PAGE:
phm_tools: agv_msgs | phm_hazard_rate_calculation | phm_msgs | phm_reliability_calculation | phm_robot_task_completion | phm_start

Package Summary

The phm_tools package

  • Maintainer status: developed
  • Maintainer: Hakan GENCTURK <hakan.gencturk AT inovasyonmuhendislik DOT com>, Elcin ERDOGAN <elcin.erdogan AT inovasyonmuhendislik DOT com>
  • Author:
  • License: Apache 2.0
  • Source: git https://github.com/inomuh/phm_tools.git (branch: master)

Prognostics and Health Management Tools Project

Nowadays, prognostics-aware systems are increasingly used in many systems and it is critical for sustaining autonomy. All engineering systems, especially robots, are not perfect. Absence of failures in a certain time is the perfect system and it is impossible practically. In all engineering works, we must try to predict or minimize/prevent failures in the system. Failures in the systems are generally unknown, so prediction of these failures and reliability of the system is made by prediction process. Reliability analysis is important for the improving the system performance, extending system lifetime, etc. Prognostic and Health Management (PHM) includes reliability, safety, predictive prognostic, fault detection / isolation, advanced diagnosis, component lifecycle tracking, health reporting and information management, etc.

Reliability generally shows how successful a system is in performing its intended function. In order to increase the system performance, intensive studies are carried out on reliability models and analytical tools. It is true that the consequences of unreliability in engineering can be very costly and often tragic. In a changing world, reliability becomes more important to ensure that systems operate with high performance and gain functionality. Reliability engineering is applied in many fields such as defense industry, robotics industry, aerospace industry etc. The current generation of mobile robots have poor reliability. In order to design more reliable robots, we need analytical tools for predicting robot failure.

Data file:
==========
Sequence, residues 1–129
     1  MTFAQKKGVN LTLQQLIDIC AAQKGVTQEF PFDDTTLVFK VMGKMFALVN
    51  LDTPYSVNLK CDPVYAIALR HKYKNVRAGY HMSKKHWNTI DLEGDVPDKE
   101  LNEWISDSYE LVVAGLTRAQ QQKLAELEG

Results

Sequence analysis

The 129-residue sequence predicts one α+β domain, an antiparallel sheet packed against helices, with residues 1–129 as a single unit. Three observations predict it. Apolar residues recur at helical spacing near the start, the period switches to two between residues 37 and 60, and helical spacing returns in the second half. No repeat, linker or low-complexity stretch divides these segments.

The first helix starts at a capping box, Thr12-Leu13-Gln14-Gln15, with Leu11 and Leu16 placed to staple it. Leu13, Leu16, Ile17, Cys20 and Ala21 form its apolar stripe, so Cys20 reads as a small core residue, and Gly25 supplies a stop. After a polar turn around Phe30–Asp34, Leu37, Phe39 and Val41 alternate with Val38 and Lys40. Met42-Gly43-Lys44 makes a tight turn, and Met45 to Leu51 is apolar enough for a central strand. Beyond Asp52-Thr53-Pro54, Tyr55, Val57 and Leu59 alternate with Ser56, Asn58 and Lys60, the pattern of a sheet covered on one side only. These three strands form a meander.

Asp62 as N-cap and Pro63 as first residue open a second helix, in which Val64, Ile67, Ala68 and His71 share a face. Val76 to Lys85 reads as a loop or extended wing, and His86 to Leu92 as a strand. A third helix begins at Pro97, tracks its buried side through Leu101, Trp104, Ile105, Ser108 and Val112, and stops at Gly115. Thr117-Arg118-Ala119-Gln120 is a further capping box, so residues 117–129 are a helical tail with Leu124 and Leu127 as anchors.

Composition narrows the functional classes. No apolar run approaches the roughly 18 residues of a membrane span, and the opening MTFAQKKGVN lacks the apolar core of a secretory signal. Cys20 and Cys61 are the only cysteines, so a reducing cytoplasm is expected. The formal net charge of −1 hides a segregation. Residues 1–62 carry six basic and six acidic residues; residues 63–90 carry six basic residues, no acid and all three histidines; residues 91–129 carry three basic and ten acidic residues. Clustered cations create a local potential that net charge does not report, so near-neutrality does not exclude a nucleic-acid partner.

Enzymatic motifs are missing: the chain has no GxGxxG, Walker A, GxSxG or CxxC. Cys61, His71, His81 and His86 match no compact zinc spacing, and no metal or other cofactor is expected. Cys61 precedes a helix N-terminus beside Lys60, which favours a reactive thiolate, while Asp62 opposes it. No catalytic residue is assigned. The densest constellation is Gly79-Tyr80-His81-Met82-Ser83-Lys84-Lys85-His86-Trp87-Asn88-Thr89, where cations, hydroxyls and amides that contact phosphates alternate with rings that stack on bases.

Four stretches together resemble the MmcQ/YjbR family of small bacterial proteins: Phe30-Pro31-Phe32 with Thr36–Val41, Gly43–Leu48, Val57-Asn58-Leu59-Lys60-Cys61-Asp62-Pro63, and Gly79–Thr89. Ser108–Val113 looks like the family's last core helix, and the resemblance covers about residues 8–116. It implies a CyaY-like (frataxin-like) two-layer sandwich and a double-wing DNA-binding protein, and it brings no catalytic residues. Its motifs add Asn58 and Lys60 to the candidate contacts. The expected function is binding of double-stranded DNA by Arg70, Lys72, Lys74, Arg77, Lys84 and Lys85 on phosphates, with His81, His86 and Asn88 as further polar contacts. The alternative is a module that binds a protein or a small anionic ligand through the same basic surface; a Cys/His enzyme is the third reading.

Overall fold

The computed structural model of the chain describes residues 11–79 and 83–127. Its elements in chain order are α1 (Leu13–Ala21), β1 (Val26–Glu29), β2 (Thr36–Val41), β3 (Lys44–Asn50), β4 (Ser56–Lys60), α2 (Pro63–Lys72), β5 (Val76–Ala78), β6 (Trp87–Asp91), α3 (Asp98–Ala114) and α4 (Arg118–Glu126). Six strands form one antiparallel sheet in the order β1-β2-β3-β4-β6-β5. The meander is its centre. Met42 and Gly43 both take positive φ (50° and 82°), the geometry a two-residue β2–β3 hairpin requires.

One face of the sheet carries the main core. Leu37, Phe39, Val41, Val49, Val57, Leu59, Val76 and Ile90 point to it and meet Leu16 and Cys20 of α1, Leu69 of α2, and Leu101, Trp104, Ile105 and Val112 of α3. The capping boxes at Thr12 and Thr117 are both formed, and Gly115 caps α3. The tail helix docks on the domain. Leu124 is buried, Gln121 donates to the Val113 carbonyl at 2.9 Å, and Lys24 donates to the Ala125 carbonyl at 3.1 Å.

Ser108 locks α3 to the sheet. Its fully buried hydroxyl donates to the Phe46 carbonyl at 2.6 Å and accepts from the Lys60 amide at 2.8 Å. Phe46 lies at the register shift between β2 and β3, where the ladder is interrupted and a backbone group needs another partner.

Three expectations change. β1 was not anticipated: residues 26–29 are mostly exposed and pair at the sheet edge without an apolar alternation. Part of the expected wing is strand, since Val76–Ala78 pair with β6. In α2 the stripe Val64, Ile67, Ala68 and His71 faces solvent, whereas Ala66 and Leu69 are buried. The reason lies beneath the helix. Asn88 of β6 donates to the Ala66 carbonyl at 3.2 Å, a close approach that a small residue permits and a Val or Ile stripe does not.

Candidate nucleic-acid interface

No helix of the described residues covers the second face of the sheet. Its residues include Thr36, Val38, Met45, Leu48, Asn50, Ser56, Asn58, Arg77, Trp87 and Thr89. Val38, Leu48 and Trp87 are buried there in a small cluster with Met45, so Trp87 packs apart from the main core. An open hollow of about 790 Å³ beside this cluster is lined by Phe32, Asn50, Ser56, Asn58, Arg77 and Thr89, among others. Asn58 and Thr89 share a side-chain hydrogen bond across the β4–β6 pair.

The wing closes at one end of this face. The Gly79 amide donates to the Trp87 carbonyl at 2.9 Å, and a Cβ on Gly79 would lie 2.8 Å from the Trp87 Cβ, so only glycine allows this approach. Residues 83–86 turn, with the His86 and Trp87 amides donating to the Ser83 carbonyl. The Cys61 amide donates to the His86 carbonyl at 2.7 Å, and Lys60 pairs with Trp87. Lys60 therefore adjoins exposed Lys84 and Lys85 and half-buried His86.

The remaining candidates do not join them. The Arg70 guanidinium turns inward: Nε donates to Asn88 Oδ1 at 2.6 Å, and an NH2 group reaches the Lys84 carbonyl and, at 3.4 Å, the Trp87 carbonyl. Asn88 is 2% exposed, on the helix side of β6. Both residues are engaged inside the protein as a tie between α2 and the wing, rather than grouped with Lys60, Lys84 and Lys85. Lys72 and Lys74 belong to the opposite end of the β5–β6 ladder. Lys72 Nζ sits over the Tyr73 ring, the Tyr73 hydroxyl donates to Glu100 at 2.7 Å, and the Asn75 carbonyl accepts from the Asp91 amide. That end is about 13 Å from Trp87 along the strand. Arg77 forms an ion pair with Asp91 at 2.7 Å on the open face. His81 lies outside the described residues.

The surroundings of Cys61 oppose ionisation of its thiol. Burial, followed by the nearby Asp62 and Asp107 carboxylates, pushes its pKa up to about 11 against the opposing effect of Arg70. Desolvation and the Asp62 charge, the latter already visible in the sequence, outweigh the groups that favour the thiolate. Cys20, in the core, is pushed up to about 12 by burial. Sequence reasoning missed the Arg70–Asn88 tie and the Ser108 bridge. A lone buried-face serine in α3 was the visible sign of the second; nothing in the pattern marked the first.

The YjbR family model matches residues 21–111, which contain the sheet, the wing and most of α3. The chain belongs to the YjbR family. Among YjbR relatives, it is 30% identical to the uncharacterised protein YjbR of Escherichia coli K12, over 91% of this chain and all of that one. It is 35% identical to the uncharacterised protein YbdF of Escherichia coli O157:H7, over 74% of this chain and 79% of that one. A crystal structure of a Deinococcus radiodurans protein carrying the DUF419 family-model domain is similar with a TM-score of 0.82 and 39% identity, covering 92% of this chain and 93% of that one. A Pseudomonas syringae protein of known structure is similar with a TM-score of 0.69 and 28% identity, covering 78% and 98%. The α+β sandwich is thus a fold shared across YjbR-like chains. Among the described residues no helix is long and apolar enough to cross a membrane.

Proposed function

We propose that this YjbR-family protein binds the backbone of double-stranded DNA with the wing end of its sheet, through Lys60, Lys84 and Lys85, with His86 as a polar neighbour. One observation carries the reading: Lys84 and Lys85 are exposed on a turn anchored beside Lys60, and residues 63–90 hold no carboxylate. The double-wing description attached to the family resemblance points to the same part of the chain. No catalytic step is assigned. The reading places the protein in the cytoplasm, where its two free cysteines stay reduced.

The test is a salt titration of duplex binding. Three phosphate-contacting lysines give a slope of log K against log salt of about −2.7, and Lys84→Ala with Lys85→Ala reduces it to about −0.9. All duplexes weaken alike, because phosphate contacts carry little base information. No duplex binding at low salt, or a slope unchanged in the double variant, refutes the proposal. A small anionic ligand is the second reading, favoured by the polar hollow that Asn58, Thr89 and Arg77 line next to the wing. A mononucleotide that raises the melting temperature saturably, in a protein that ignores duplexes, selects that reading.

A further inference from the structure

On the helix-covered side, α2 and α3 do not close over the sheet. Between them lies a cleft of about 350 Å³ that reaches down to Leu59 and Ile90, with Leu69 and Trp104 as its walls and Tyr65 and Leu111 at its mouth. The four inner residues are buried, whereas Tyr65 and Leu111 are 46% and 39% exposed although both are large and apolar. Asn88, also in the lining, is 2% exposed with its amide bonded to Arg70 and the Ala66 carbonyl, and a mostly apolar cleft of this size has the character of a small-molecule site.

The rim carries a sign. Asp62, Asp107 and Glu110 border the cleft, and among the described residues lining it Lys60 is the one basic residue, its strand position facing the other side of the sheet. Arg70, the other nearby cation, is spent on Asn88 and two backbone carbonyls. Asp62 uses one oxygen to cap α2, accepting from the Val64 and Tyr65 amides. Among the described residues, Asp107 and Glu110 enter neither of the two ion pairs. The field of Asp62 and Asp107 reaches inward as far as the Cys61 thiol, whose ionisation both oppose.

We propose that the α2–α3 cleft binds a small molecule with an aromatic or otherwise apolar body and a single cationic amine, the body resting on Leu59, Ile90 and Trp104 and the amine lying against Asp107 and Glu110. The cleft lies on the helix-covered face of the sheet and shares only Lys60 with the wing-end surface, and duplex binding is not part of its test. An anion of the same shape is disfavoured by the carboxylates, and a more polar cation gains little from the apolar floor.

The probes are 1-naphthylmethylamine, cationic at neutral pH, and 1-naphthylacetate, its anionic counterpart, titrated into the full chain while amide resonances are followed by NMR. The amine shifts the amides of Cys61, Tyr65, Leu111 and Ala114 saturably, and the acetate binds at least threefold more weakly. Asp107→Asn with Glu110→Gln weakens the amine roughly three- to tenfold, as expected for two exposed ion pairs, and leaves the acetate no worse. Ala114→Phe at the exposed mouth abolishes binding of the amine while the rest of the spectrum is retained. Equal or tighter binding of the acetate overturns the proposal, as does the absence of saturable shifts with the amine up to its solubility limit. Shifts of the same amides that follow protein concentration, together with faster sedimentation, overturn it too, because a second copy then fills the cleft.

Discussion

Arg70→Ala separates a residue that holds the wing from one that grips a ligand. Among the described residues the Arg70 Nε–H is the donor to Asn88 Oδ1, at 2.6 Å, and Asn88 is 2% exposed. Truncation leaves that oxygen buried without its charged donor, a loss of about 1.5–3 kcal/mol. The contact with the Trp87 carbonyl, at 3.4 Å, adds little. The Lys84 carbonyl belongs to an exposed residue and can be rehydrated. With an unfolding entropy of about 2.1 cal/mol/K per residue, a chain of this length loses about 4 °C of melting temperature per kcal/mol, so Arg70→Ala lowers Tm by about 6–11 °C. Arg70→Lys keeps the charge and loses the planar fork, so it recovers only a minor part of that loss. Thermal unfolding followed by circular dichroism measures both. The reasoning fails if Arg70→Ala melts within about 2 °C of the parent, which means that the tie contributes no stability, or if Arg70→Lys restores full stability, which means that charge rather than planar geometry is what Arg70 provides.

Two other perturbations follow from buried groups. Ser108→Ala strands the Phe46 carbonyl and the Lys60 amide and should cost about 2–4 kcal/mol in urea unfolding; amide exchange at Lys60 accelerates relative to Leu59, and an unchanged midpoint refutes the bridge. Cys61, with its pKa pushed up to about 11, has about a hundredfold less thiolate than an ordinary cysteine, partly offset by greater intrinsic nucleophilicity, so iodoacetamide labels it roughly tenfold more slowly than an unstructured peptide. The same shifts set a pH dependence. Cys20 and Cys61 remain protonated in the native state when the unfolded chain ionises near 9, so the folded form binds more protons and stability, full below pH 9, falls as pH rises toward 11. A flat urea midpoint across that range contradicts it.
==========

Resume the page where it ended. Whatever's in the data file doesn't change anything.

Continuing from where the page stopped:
This study proposes Prognostic and Health Management (PHM) tool infrastructure using a model-based methodology for robotic systems. The main objective of this study is “Development of the General Prognostic and Health Management Tool” for ROS. The scope of this guide is processes and methodologies for conducting hazard rate of equipment, reliability predictions for electronic and mechanical systems. A comprehensive and systematic study of the different reliability models and analytical tools for various systems are also given. Furthermore, reliability, remaining useful life (RUL), and the probability of task completion of the robot (PoTC) are estimated in this tool. In this report, reliability and PoTC of the system is calculated by using hazard rate of the mechanical and electrical components, configuration of the robot (series, parallel, etc.). Results show that system reliability depends on hazard rate of all components in the system, their configurations, usage time and some environmental conditions (temperature, load, humidity, etc.). PoTC is the task completion probability of the robot that depends on the calculated reliability and distance travelled along the task.

Overview of PHM Tool

PHM Tool consists of 2 tabs. Different operations are performed on each tab in the PHM Tool. The operations performed on each tab are describebd in detail in this section.

Basically 2 different operations are performed in the PHM Tool:

  • Robot Configuration
  • System Analysis and Monitoring

Robot configuration operations are performed in “Robot Configuration Setup” tab. The flowchart of the operations performed on the “Robot Configuration Setup” tab is shown in Figure 1.

Flowchart of "Robot Configuration Setup" tab

Figure 1: Flowchart of "Robot Configuration Setup" tab

System analysis and monitoring operations are performed in “Monitoring and Analysis” tab. The flowchart of the operations performed on the “Monitoring and Analysis” tab is hown in Figure 2.

Flowchart of "Monitoring and Analysis" tab

Figure 2: Flowchart of "Monitoring and Analysis" tab

How to Use Prognostics and Health Management Tool?